Identify the unmet needs for psychosocial support for people affected by pancreatic cancer; patients, partners and caregivers
Supervisor: Kate White and Andrew Biankin
Globally and in Australia, pancreatic cancer is ranked fifth overall in terms of mortality (after cancer of the unknown primary). It has the worst five-year relative survival rate of all cancers at less than five percent (4.6%) and this has remained unchanged in over 30 years. Diagnosis of pancreatic cancer is typically at an advanced stage of the disease with subsequent poor prognosis and potential life expectancy of less than 12 months. The short survival time of pancreatic cancer patients forces patients and families to make rapid decisions regarding treatment options and care, under considerable pressure and stress. No specific supportive care programs exist in Australia to meet the needs of people affected by pancreatic cancer. Cancer Council NSW identified a high need for ‘Psychological/Emotional Support’ for ICD: C25 (Pancreas Cancer). In addition Cancer Helpline consultants detailed their frustration at the lack of psychosocial support services available for this group. A comprehensive literature search revealed that although the needs and concerns of cancer patients and their carers has been well researched in the oncology field in general, studies investigating the psychosocial impact for people by specific tumour site is lacking. The incidence rate for pancreatic cancer is lower in comparison to other cancers and as the survival rate is poor, the representation of the pancreatic cancer patient and/or caregiver is low. The hypothesis is that there is a significant level of unmet need for supportive care for people affected by pancreatic cancer; patients, partners and caregivers.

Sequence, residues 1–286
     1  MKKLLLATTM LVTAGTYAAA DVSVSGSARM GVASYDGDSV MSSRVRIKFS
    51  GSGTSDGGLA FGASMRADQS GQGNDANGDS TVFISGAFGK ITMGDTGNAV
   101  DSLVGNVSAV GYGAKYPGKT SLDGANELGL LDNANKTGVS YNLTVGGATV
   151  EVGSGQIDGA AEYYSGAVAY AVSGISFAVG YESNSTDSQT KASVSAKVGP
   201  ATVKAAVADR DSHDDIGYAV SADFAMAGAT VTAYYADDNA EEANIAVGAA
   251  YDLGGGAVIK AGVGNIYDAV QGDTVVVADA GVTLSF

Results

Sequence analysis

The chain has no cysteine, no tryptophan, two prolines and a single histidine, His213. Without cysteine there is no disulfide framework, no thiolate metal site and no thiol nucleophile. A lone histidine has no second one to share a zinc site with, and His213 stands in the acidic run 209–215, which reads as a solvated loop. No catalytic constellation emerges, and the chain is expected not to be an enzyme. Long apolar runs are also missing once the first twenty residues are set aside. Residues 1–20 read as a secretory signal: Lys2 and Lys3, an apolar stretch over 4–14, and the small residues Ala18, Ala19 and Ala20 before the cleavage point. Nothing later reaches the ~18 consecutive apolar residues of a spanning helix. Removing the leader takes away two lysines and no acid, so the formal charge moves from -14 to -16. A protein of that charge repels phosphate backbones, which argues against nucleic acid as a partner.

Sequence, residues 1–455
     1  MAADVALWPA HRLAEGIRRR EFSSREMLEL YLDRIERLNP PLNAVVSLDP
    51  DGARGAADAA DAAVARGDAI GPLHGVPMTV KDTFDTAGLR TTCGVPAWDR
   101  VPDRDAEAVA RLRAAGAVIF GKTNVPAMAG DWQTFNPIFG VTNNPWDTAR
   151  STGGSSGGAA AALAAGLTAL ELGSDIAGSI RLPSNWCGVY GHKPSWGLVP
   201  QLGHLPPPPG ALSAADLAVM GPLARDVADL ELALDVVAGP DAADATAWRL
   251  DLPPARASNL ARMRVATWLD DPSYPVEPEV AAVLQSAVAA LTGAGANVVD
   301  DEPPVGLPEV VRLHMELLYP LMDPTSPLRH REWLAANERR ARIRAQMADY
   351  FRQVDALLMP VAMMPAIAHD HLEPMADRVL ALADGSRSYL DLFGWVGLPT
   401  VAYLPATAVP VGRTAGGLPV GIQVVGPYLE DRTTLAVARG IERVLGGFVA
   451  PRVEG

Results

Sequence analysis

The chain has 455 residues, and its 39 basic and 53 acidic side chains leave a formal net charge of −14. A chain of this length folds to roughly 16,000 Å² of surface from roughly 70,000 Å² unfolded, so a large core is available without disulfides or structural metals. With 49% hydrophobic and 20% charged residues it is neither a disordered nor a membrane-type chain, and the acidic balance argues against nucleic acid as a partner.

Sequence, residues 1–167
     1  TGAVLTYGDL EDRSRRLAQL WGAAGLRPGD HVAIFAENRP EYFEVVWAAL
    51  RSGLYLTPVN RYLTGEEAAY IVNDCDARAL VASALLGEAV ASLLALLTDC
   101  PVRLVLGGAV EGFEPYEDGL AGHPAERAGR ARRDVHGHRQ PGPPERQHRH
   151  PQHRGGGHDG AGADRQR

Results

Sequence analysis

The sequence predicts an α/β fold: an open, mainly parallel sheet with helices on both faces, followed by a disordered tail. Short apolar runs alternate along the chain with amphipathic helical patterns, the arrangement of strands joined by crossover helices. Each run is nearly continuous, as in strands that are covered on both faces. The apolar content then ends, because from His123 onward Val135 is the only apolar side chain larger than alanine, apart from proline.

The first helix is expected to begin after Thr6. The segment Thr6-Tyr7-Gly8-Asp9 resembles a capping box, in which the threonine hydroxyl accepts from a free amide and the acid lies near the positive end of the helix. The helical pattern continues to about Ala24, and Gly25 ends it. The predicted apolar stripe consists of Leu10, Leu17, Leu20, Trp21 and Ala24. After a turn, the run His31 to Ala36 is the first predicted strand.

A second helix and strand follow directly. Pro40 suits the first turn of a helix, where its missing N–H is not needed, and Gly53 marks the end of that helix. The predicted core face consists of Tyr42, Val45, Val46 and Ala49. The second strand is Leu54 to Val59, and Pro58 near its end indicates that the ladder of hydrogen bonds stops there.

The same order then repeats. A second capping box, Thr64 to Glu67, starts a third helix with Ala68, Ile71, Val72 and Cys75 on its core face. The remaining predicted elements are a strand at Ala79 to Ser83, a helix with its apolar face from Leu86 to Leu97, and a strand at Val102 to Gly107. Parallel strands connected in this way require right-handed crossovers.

The aims of this study are to:
- identify the psychosocial support needs of people affected by pancreatic cancer; those diagnosed, partners and caregivers, from diagnosis onwards.
- identify areas of unmet need for psychosocial support of people affected by pancreatic cancer in the three cohorts, those diagnosed, partners and caregivers.
- to develop a supportive care strategy to meet the psychosocial support needs, that has adaptability and transferability for other tumour sites.
A research plan was devised which included consumer involvement from inception to dissemination of findings. A qualitative inquiry framework informed by Denzin’s (1989) Interpretive Interactionism, was used to facilitate exploration of the participants' perspective and experience. Two groups of participants (n=37) were recruited: individuals diagnosed with pancreatic cancer; partners and caregivers.
In order to develop an effective support network for people affected by pancreatic cancer, patients, partners and caregivers, it is essential to identify their psychosocial support needs and assess the areas of unmet need for psychosocial support. Appropriate supportive care interventions may enhance coping strategies and lead to perception of improved quality of life when survival is not an option.